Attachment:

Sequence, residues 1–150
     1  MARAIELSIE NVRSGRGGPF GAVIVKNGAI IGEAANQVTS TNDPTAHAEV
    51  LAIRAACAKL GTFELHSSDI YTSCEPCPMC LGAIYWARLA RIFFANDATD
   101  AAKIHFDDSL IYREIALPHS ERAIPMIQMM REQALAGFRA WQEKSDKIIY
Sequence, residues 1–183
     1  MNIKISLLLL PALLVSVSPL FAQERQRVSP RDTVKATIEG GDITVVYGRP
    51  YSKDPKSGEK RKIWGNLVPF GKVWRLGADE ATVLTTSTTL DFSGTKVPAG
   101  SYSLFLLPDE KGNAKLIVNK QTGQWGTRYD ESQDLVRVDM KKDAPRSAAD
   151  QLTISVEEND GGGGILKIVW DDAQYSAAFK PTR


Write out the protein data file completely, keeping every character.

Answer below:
Sequence, residues 1–150
     1  MARAIELSIE NVRSGRGGPF GAVIVKNGAI IGEAANQVTS TNDPTAHAEV
    51  LAIRAACAKL GTFELHSSDI YTSCEPCPMC LGAIYWARLA RIFFANDATD
   101  AAKIHFDDSL IYREIALPHS ERAIPMIQMM REQALAGFRA WQEKSDKIIY
Sequence, residues 1–183
     1  MNIKISLLLL PALLVSVSPL FAQERQRVSP RDTVKATIEG GDITVVYGRP
    51  YSKDPKSGEK RKIWGNLVPF GKVWRLGADE ATVLTTSTTL DFSGTKVPAG
   101  SYSLFLLPDE KGNAKLIVNK QTGQWGTRYD ESQDLVRVDM KKDAPRSAAD
   151  QLTISVEEND GGGGILKIVW DDAQYSAAFK PTR